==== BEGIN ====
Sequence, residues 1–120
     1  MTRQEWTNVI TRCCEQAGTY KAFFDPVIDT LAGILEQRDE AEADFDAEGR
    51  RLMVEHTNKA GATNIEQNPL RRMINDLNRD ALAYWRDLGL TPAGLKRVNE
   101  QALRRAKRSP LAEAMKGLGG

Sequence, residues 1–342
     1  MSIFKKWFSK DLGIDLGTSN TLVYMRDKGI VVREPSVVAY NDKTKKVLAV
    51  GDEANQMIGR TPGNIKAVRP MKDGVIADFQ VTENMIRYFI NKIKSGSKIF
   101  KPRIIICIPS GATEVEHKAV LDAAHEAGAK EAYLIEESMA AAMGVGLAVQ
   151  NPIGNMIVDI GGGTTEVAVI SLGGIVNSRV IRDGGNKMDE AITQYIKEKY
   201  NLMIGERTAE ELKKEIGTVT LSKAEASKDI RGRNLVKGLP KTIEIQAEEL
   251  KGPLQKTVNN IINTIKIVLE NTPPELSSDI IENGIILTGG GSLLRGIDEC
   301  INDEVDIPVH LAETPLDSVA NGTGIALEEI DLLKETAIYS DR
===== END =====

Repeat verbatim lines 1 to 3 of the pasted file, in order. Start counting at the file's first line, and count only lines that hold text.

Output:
Sequence, residues 1–120
     1  MTRQEWTNVI TRCCEQAGTY KAFFDPVIDT LAGILEQRDE AEADFDAEGR
    51  RLMVEHTNKA GATNIEQNPL RRMINDLNRD ALAYWRDLGL TPAGLKRVNE